MOSCOW — Russian President Vladimir Putin has opened Moscow’s first detention camp for illegal immigrants as migrants become the main concern among voters preparing for the city’s first mayoral election since 2003.
The tarpaulin tents for 600 people, surrounded by a 26-foot fence, signal the campaign for the Sept. 8 vote is heating up as Putin seeks to show he is in control of Europe’s largest city, the center of Russia’s opposition. His protege, acting Mayor Sergei Sobyanin, is pulling out all the stops to beat challengers, including protest leader Alexei Navalny.
As the Russian economy grows at the slowest pace since a 2009 recession, Moscow has become the main battlefield between Putin, who last year returned to the Kremlin for a third term as president, and his opponents. Tens of thousands turned out for antigovernment rallies, the biggest against the Russian leader’s 13-year rule, with Navalny among the organizers.
‘‘The Kremlin needs a rematch here in order to strengthen its power,’’ said Valery Fedorov, head of the state-run VTsIOM research center in Moscow. ‘‘Muscovites see migrants as a threat. Politicians make use of that.’’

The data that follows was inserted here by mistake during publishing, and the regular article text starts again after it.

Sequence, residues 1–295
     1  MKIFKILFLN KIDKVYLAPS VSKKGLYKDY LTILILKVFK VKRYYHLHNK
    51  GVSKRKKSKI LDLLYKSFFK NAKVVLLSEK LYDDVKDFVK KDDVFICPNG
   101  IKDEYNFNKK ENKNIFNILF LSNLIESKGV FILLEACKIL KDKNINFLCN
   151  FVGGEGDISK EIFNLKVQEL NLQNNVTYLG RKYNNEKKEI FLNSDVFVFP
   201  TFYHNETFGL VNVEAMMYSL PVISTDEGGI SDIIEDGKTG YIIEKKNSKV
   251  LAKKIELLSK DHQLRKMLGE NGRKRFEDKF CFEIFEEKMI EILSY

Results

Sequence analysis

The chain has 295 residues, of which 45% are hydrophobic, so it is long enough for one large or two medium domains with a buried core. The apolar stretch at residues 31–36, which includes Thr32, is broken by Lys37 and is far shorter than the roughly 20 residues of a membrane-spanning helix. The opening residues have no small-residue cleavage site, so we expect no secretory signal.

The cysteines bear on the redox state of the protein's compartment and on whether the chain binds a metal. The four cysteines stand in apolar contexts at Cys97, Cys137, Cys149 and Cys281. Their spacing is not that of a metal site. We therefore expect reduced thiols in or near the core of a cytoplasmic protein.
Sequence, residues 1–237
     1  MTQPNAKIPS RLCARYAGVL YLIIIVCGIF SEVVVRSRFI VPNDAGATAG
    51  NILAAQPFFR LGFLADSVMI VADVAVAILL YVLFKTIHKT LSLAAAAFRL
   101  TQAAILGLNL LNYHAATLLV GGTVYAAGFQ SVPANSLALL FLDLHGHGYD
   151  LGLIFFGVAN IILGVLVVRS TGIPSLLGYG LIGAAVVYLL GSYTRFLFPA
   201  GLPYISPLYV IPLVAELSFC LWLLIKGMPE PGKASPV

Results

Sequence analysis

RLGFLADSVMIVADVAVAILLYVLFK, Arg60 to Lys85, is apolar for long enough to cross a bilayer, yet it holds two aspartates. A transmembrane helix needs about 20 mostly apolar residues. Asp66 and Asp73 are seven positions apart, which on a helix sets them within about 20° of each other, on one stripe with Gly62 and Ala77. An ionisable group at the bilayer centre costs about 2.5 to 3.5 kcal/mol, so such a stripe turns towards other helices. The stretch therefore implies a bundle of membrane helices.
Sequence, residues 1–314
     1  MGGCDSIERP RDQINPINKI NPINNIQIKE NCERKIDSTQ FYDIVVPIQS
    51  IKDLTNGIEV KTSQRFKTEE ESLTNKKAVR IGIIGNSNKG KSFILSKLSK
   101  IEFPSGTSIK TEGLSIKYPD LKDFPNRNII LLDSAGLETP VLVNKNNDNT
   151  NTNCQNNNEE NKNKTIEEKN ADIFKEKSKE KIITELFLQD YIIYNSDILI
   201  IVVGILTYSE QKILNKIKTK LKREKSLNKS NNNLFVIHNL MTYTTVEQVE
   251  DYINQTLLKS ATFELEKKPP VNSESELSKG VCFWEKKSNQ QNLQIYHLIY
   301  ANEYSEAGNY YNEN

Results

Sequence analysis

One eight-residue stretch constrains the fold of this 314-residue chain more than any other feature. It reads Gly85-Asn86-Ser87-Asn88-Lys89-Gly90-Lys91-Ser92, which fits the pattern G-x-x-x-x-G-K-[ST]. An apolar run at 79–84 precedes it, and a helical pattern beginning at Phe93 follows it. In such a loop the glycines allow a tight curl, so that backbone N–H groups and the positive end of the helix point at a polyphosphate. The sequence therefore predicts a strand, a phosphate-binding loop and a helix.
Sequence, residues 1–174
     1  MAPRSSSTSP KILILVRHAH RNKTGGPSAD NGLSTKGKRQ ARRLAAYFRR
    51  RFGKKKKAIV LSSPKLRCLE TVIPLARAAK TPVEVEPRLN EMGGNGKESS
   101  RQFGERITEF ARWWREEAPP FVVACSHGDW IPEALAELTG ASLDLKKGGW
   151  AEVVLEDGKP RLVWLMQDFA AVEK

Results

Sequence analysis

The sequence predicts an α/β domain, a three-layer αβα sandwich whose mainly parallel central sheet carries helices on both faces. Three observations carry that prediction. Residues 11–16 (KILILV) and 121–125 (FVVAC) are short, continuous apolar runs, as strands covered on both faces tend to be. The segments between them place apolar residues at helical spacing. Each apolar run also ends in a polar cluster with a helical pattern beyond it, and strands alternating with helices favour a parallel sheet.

While the city upgraded Moscow’s highways, rebuilt parks, and introduced a rent-a-bike network, the focus has shifted to migrants as the campaign enters its stretch run.
Officers have detained at least 5,750 migrant workers from the Caucasus, central Asia, and nations including Vietnam since the end of July in what Sobyanin says is a drive to clean up markets and rid the city of criminal gangs. More than 2,000 migrants have been rounded up in the rest of the country, according to the Interior Ministry. The government is drafting a plan to create a network of 83 detention centers across Russia.
While the migrant camp may help Sobyanin get votes, some experts say it leaves the main problem unsolved.